Two factors appear straightforward. Firstly, the sale of unsafe products such as those containing high levels of mercury should be stopped. The ethics of knowingly producing such products in the EU when they cannot be sold there is highly questionable and deserves scrutiny as to whether or not such practices are ethical. Secondly, the dangers of long term use of products containing toxic substances must be communicated to current and potential users. This will present problems in communicating to those with low literacy levels. Awareness may be achievable within the context of calls for tighter regulation of the product category noted above; changing consumer attitudes (and those of the wider society) and behaviours will be more difficult. A third factor is more problematic. What are the ethical responsibilities of global companies such as Unilever in marketing skin lightening products, given claims that they are sustaining prejudices and stereotypes? Particularly, when these companies use their considerable financial resources to reinforce the desirability of these products by using marketing techniques glamorising the use of their products in similar ways that the cigarette industry marketed their products?

References

Cristaudo, A., D'Ilio, S., Gallinella, B., Mosca, A., Majorani, C., Violante, N., et al. (2013). Use of Potentially Harmful Skin-Lightening Products among Immigrant Women in Rome, Italy: A Pilot Study. Dermatology, 226 (3), 200-206.

Draelos, Z. D. (2007). Skin lightening preparations and the hydroquinone controversy. Dermatologic Therapy, 20 (5), 308-313.

Ecowaste Coalition. (2013). Banned Mercury-Tainted Cosmetics Resurface in Pasay City. from http://ecowastecoalition.blogspot.com.au/2013_06_01_archive.html

Eisend, M. (2010). A meta-analysis of gender roles in advertising. Journal of the Academy of Marketing Science, 38 (4), 418-440.

Fowler, K., & Thomas, V. (2013). A content analysis of male roles in television advertising: Do traditional roles still hold? Journal of Marketing Communications(ahead-of-print), 1-16. DOI: 10.1080/13527266.2013.775178

Gillbro, J., & Olsson, M. (2011). The melanogenesis and mechanisms of skin-lightening agents–existing and new approaches. International Journal of Cosmetic Science, 33 (3), 210-221.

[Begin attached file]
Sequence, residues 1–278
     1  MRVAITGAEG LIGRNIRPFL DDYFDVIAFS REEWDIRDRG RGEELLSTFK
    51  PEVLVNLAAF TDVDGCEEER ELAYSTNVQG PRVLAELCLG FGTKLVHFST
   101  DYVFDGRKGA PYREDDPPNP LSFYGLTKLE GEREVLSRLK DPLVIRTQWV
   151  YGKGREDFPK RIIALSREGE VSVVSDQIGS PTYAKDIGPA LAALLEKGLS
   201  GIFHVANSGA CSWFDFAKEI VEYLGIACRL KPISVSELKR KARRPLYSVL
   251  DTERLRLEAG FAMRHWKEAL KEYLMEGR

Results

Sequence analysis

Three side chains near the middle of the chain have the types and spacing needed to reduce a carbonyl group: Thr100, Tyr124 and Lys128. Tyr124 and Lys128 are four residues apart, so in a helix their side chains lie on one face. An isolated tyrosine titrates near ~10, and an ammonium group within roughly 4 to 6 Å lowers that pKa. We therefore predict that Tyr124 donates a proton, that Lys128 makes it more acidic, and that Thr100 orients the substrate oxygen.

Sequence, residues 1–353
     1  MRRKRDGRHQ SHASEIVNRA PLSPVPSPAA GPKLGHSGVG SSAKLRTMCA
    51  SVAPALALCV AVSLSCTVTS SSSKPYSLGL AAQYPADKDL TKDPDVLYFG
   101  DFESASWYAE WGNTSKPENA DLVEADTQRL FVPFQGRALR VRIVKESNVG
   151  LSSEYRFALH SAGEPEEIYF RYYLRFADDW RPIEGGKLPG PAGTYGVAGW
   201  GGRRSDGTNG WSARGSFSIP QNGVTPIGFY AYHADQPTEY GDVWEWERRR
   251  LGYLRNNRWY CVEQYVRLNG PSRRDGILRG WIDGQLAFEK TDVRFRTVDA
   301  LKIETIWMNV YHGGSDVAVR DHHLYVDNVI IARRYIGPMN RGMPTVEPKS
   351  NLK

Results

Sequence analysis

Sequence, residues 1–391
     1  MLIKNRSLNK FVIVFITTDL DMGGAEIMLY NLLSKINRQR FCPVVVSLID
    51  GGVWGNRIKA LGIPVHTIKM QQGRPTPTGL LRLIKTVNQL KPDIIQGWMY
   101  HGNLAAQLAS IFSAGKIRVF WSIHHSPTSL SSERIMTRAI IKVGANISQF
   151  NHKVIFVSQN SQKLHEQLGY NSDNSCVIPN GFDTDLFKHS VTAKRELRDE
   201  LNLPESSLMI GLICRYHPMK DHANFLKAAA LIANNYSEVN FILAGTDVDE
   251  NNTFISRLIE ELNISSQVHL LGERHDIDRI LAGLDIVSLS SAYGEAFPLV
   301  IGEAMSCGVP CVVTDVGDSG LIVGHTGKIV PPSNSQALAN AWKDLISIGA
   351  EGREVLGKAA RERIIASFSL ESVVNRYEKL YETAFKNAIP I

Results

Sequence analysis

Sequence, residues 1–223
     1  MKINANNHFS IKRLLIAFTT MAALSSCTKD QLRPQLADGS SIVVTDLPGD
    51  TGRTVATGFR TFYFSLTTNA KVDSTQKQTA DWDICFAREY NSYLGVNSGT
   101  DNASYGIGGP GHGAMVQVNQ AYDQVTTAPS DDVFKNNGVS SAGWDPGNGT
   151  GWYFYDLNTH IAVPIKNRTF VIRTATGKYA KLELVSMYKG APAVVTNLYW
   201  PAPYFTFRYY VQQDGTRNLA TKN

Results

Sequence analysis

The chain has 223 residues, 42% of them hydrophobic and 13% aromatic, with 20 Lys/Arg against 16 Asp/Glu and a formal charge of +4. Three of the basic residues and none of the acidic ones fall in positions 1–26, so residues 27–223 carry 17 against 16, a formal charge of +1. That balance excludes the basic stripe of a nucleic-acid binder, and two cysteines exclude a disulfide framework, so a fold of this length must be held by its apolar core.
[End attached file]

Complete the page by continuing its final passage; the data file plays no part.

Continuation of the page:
Glenn, E. N. (2008). Yearning for Lightness Transnational Circuits in the Marketing and Consumption of Skin Lighteners. Gender & society, 22 (3), 281-302.

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Goldstein, R. (2012). Time for a reality check on skin lightening creams. The Conversation, online edition, 1.

Grabe, S., Ward, L. M., & Hyde, J. S. (2008). The role of the media in body image concerns among women: a meta-analysis of experimental and correlational studies. Psychological Bulletin, 134 (3), 460.

Hodal, K. (2013, 28 October). Thailand racism row reignited by Unilever ad for skin-whitening cream. The Guardian, p. online edition 28 October.

Karnani, A. (2007). Doing well by doing good—case study:‘Fair & Lovely’whitening cream. Strategic Management Journal, 28 (13), 1351-1357.

Leong, S. (2006). Who's the fairest of them all? Television ads for skin-whitening cosmetics in Hong Kong. Asian Ethnicity, 7 (2), 167-181.

McLoughlin, L. (2013). Crystal clear: Paler skin equals beauty–a multimodal analysis of Asiana magazine. South Asian Popular Culture, 11 (1), 15-29.

Nadeem, S. (2014). Fair and anxious: on mimicry and skin-lightening in India. Social Identities(ahead-of-print), 1-15.

Olumide, Y. M., Akinkugbe, A. O., Altraide, D., Mohammed, T., Ahamefule, N., Ayanlowo, S., et al. (2008). Complications of chronic use of skin lightening cosmetics. International journal of dermatology, 47 (4), 344-353.

Peregrino, C. P., Moreno, M. V., Miranda, S. V., Rubio, A. D., & Leal, L. O. (2011). Mercury levels in locally manufactured Mexican skin-lightening creams. International Journal of Environmental Research and Public Health, 8 (6), 2516-2523.

Sandlin, J. A., & Maudlin, J. G. (2012). Consuming pedagogies: Controlling images of women as consumers in popular culture. Journal of Consumer Culture, 12 (2), 175-194.

Shabbir, H. A., Hyman, M. R., Reast, J., & Palihawadana, D. (2013). Deconstructing subtle racist imagery in television ads. Journal of Business Ethics, 116, 1-16.

Shevde, N. (2008). All's fair in love and cream: A cultural case study of Fair & Lovely in India. Advertising & Society Review, 9 (2), 1 - 9.

Shrestha, S. (2013). Threatening consumption: managing US imperial anxieties in representations of skin lightening in India. Social Identities, 19 (1), 104-119.

Watson, S., & DeJong, P. F. (2011). Ethical Responses to Public Allegations of Skin Tone Manipulation in Print Advertising: Consumer Indifference or Consumer Concern? Journal of Promotion Management, 17 (4), 396-406.

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Figure

Figure 1:  Advertisement for Vaseline Skin Lightening app.  Image sourced from: http://jezebel.com/5585906/vaseline-crowdsources-racism-with-new-skin-whitening-app

Figure 1:

Advertisement for Vaseline Skin Lightening app. Image sourced from: http://jezebel.com/5585906/vaseline-crowdsources-racism-with-new-skin-whitening-app p.3
Figure 2:  Pack shots for Fair & Lovely and Fair & Handsome   Images sourced from: http://www.unileverme.com/our-brands/detail/Fair-and-lovely/333481/

Figure 2:

Pack shots for Fair & Lovely and Fair & Handsome Images sourced from: http://www.unileverme.com/our-brands/detail/Fair-and-lovely/333481/ p.4

References